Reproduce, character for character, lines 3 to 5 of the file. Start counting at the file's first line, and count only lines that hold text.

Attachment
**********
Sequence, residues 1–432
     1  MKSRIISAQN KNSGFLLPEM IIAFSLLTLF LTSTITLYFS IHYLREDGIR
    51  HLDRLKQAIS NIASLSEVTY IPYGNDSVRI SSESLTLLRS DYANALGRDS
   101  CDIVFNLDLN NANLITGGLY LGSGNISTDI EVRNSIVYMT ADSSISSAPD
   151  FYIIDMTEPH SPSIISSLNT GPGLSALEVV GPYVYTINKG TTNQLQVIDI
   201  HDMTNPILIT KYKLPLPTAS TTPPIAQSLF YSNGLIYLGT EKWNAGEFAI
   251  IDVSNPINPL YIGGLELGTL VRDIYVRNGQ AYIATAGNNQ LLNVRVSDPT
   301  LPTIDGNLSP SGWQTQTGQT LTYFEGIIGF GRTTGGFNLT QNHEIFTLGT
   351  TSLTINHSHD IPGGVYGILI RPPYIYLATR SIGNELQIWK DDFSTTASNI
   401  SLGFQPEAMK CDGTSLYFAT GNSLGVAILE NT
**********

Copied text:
    51  HLDRLKQAIS NIASLSEVTY IPYGNDSVRI SSESLTLLRS DYANALGRDS
   101  CDIVFNLDLN NANLITGGLY LGSGNISTDI EVRNSIVYMT ADSSISSAPD
   151  FYIIDMTEPH SPSIISSLNT GPGLSALEVV GPYVYTINKG TTNQLQVIDI